Good Companion Plants for Beans

Nitrogen-fixing beans give as much as they get

Green beans
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Companion planting is the practice of planting different species in close proximity in the garden because they offer some mutual benefits to one another. One species may deter an insect pest that feeds on the other plant, for example, while that plant may improve the other plant's uptake of soil nutrients.

Take a closer look at a specific example. Plant corn with pole beans and you can benefit both plants. Add squash to the mix and you have the classic Native American "Three Sisters" planting combination. The beans attract beneficial insects that prey on corn pests, such as leaf beetles, fall armyworms, and leafhoppers. In return, the bean vines are supported as they climb up the corn stalks. The squash benefits from the nitrogen fixed in the soil by the bean plant, while the large leaves of the squash shade out weeds near the corn stalk. All plants win.

Best Companion Plants for Beans

As many gardeners learn, beans are a plant that is recommended companion for many different vegetables, because beans and other legumes "fix" nitrogen in the soil and provide nutrients to surrounding plants.

  • Marigolds: Marigolds deter Mexican bean beetles and other insects from many garden plants including beans. African and French marigolds both produce a substance that suppresses nematodes—the microscopic worms that attack the roots of plants. Marigolds, in fact, are a recommended companion for many different edible plants.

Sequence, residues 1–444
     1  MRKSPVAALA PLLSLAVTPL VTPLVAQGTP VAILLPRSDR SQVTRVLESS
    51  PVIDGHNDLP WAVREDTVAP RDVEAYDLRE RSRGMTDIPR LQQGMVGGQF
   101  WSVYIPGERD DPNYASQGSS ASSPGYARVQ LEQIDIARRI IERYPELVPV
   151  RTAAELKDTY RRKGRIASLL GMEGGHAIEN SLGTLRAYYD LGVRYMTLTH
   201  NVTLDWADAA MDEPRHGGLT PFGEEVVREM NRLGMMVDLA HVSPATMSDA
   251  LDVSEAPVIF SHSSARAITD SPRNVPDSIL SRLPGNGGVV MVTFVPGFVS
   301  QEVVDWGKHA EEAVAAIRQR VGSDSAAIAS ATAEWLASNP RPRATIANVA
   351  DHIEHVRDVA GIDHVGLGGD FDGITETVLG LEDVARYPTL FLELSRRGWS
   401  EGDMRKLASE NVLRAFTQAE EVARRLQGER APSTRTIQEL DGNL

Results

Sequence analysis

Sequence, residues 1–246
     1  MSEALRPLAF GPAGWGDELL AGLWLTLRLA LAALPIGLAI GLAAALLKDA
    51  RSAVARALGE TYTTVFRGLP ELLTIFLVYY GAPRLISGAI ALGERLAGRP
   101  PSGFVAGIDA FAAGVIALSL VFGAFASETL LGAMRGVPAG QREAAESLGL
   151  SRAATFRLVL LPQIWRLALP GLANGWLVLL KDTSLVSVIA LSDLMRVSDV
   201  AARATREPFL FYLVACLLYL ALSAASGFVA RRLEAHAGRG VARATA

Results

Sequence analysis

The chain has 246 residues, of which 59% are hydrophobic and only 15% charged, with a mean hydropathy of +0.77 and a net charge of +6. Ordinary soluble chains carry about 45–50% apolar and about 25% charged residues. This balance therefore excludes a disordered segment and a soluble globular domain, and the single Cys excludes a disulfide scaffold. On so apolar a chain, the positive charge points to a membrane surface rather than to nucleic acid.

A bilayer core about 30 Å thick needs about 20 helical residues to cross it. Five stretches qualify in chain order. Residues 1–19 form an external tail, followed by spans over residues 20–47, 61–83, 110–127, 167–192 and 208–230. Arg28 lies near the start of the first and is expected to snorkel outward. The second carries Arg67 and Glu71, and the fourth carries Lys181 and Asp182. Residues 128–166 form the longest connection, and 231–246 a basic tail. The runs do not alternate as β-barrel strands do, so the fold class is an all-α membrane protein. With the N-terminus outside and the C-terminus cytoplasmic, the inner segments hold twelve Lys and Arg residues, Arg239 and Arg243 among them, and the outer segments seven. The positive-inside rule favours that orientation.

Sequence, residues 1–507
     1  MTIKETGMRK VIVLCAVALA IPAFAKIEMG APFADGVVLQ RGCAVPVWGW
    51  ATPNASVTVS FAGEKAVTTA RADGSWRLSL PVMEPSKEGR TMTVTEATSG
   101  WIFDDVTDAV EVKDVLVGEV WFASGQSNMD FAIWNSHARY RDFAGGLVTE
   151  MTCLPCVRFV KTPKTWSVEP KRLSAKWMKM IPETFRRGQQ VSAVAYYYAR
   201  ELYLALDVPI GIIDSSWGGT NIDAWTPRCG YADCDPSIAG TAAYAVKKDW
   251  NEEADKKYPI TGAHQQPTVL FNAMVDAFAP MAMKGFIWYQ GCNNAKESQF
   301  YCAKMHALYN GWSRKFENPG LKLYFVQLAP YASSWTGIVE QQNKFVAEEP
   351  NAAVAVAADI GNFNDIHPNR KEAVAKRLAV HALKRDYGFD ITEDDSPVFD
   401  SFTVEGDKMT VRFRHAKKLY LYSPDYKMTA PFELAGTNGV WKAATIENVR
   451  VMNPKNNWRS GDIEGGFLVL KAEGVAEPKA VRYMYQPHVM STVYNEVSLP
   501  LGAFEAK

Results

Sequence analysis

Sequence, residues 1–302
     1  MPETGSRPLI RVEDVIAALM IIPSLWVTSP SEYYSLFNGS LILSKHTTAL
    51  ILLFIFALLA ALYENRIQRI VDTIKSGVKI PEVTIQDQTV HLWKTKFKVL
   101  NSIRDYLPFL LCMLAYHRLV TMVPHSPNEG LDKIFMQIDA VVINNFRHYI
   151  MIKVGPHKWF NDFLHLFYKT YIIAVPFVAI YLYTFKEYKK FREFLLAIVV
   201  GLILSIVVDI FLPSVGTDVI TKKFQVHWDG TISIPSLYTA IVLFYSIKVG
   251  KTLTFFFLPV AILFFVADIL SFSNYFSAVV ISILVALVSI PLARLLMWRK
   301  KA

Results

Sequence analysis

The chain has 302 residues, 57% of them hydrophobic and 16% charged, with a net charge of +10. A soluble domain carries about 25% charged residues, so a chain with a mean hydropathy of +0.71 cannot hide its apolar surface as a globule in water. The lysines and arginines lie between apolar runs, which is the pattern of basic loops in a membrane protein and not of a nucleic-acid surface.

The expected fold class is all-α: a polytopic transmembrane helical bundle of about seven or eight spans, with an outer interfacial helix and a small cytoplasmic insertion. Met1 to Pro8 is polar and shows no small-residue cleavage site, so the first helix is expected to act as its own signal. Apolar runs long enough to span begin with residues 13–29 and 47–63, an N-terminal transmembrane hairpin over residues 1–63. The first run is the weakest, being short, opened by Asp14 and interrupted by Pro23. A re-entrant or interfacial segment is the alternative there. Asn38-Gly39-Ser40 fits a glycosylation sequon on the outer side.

• Corn: Bush beans tolerate the light shade that is cast by corn. Since the roots of the bean plants occupy a different level in the soil than the roots of the corn, the two plants do not compete for water and nutrients. And for pole beans, the corn stalks can serve as the "poles" to secure the beans upright. This saves space in the garden, leaving room for the gardener to add additional plants.
  • Potatoes:  Potatoes repel Mexican bean beetles
  • Catnip:  Catnip repels flea beetles
  • Summer savory, nasturtium and rosemary: Summer savory repels bean beetles and improves the flavor and overall growth of bean plants. Plant it near the base of the plant but not so close that it is shaded by it. Nasturtium and rosemary both deter bean beetles.
  • Eggplants, radishes, and cucumbers: These edibles stimulate and encourage strong bean growth

Other plants that are good companions to bean plants in the garden include:

  • Broccoli
  • Cabbage 
  • Carrots 
  • Cauliflower 
  • Celery
  • Peas 
  • Squash 
  • Strawberries 
  • Tomatoes
box of freshly picked vegetables ( beans and courgettes). september
Squash is a great companion plant for pole beans. Jo Whitworth / Getty Images

Plants to Avoid Planting With Beans

  • Keep away from the onion family: Avoid planting beans near all members of the allium family—onions, leeks, garlic, and scallions. Members of that family will inhibit growth in beans. Also keep beans away from kohlrabi, basil, and fennel.
  • Sun, yes. Sunflowers, no: Beans grow poorly with sunflowers nearby. They do not get along at all.
  • Peppers?: Experts disagree on the wisdom of planting beans and peppers close together. When in doubt, do not do it.
  • Beets OK depending on the bean: Pole beans and bush beans share all the same companion plant recommendations with the exception of beets. Pole beans do not thrive when beets are planted nearby, but bush beans are not affected by beets.

Plants Helped by Beans

Because beans fix nitrogen in the soil, they are great helper plants in the garden. They are particularly good to plant with the following vegetables, which need nitrogen to thrive:

High angle view of radish growing in garden
Radish plants. Hakan Jansson / Getty Images

Companion planting in gardens maximizes the efficiency of garden space, attracts beneficial insects and pollinators, and lures insect pests away from other food crops. Sometimes the companion plant pairings benefit one plant more than another, but there is rarely a downside to following accepted companion plant suggestions. Nature designed some plants to protect and help others. When you take advantage of these beneficial relationships, you are better able to grow crops organically.